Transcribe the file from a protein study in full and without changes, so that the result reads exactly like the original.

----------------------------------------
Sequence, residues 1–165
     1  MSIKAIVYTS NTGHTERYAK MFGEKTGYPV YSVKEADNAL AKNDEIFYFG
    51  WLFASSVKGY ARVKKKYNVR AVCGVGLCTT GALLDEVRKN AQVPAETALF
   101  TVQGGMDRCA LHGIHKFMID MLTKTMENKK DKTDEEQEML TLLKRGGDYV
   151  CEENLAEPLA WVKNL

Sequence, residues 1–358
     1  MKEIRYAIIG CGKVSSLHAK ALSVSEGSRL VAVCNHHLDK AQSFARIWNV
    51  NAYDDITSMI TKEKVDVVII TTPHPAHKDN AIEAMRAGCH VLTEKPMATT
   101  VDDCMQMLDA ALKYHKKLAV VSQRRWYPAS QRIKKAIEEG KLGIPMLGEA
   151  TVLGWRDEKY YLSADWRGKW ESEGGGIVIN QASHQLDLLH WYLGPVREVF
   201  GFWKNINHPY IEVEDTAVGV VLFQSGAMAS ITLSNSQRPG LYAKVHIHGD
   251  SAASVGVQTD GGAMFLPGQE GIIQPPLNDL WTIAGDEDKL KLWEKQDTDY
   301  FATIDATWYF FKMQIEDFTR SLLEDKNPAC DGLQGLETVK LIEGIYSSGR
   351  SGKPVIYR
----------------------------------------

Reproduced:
Sequence, residues 1–165
     1  MSIKAIVYTS NTGHTERYAK MFGEKTGYPV YSVKEADNAL AKNDEIFYFG
    51  WLFASSVKGY ARVKKKYNVR AVCGVGLCTT GALLDEVRKN AQVPAETALF
   101  TVQGGMDRCA LHGIHKFMID MLTKTMENKK DKTDEEQEML TLLKRGGDYV
   151  CEENLAEPLA WVKNL

Sequence, residues 1–358
     1  MKEIRYAIIG CGKVSSLHAK ALSVSEGSRL VAVCNHHLDK AQSFARIWNV
    51  NAYDDITSMI TKEKVDVVII TTPHPAHKDN AIEAMRAGCH VLTEKPMATT
   101  VDDCMQMLDA ALKYHKKLAV VSQRRWYPAS QRIKKAIEEG KLGIPMLGEA
   151  TVLGWRDEKY YLSADWRGKW ESEGGGIVIN QASHQLDLLH WYLGPVREVF
   201  GFWKNINHPY IEVEDTAVGV VLFQSGAMAS ITLSNSQRPG LYAKVHIHGD
   251  SAASVGVQTD GGAMFLPGQE GIIQPPLNDL WTIAGDEDKL KLWEKQDTDY
   301  FATIDATWYF FKMQIEDFTR SLLEDKNPAC DGLQGLETVK LIEGIYSSGR
   351  SGKPVIYR